In that very apartment though, the feds found bags labelled 'burner phones', links to buy passports on the dark web, and access information to a cryptocurrency wallet that had nearly 95,000 of the stolen bitcoins priced at around $3.6 billion.
These clues would lead feds to the thousands of transactions over the years. They could do that because every single bitcoin transaction from 2009 to now, is viewable by anyone: including you, the reader (at blockchain.com), even when ownership isn't. That is also the reason why the US government knows where the Bitcoins are, but not who stole them.
This is where agencies had to use old-world investigative techniques to connect the stolen coins to over a dozen accounts that Lichtenstein and Morgan created either in their own names or in the names of their businesses.
Cryptocurrencies are convenient for criminals outside the country they are stealing from. e.g. during last year's Colonial Pipeline ransomware attack, the hackers didn't ask for cash but cryptocurrencies. The drawback is that you can cover tracks like Ilya and Heather did, but never erase them. Anyone willing to throw enough time, effort, and resources, can trace every single step of every bitcoin.
The scandal has even sprouted an Indian connection. Srikrishna Ramesh, a hacker arrested by the Bengaluru crime branch last week for allegedly using bitcoins to acquire drugs on the darknet, is said to have claimed his involvement in the 2016 Bitfinex hack. This has generated political heat with the opposition in Karnataka alleging that the stolen bitcoins were used by the hacker to bribe cops and other government officials after his arrest in November 2020.
This was a landmark case for another reason. It shows how good the authorities in the US have gotten at tracking crypto. The learnings here will hopefully help investigative agencies across the world.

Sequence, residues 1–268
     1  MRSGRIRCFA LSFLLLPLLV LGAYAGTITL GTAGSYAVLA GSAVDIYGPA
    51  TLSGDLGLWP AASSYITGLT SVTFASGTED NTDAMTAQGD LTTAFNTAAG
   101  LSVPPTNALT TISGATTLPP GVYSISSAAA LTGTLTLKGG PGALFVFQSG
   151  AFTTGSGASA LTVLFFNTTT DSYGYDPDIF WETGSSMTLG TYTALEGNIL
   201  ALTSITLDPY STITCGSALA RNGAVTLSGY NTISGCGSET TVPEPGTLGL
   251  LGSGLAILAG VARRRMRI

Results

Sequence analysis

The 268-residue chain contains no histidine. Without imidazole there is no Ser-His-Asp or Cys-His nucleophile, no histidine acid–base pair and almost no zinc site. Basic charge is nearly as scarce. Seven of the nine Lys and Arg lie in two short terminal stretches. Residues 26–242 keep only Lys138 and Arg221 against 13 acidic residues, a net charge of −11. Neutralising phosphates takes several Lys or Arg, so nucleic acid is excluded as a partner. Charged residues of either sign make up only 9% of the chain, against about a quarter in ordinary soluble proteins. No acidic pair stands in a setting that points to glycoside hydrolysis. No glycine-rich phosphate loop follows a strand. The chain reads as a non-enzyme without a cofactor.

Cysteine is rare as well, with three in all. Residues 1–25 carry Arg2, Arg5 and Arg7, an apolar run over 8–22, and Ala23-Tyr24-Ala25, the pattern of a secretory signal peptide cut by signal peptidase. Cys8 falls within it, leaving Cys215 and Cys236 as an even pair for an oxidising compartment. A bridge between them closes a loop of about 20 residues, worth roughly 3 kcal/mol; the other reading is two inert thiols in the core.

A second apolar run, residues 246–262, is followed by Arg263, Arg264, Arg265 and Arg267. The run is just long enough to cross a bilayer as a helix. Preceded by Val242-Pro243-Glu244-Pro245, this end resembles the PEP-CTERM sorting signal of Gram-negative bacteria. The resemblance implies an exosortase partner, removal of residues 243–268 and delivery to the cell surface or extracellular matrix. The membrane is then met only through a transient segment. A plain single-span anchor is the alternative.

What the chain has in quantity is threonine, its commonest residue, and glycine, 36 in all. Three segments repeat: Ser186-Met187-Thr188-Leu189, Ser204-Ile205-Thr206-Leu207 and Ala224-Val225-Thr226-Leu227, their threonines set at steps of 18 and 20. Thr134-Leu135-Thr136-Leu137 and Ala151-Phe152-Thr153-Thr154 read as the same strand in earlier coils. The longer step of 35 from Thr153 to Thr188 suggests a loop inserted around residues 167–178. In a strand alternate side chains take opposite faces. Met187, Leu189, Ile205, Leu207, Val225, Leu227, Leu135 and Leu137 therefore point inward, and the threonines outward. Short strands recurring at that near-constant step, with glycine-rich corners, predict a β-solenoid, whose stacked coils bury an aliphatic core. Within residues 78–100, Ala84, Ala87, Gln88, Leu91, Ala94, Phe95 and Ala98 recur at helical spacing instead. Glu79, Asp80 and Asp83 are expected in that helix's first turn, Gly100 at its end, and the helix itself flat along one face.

As the infographic points out, four of the top ten heists of all time, are cryptocurrency exchange hacks; all in the last five years. This has exposed vulnerabilities in the security of cryptocurrencies and exchanges, the five most common ones being: phishing, missing hot wallet protections, weak protection of employee login credentials, software vulnerabilities, and transaction malleability.
However, this has also woken the industry and over time their security has become better and better. However, with governments and enterprises across the world gung-ho about blockchain based solution to multiple real-world needs, the risk is higher. Blockchain security needs to evolve rapidly.
Though Bitfinex hack case seems solved, its legend is sure to grow with the rise in the value of Bitcoins. If one bitcoin price reaches – as some pundits predict – a million dollars, that day the worth of this robbery would be nearly 120 billion dollars. Unless the value of Bitcoin crashes completely or another equally fantastic robbery takes place, this will retain its largest financial heist crown.
When the child tells his father he's considering a career in crime, the father asks: private or government. Once the amount stolen in crypto heists becomes common knowledge, the father in this joke will answer: private, government or crypto.
About the author:
Satyen is an award-winning scriptwriter, journalist based in Mumbai. He loves to let his pen roam the intersection of artificial intelligence, consciousness, and quantum mechanics. His written words have appeared in many Indian and foreign publications.
More by Satyen K Bordoloi:
Artificial Intelligence: Friend or Foe?
Ultrasuperfast: The innovations that make 10-minute delivery possible
'Crypto'nite: Will Blockchain determine the fate of future wars?
Digital Oracle: When AI predicts crime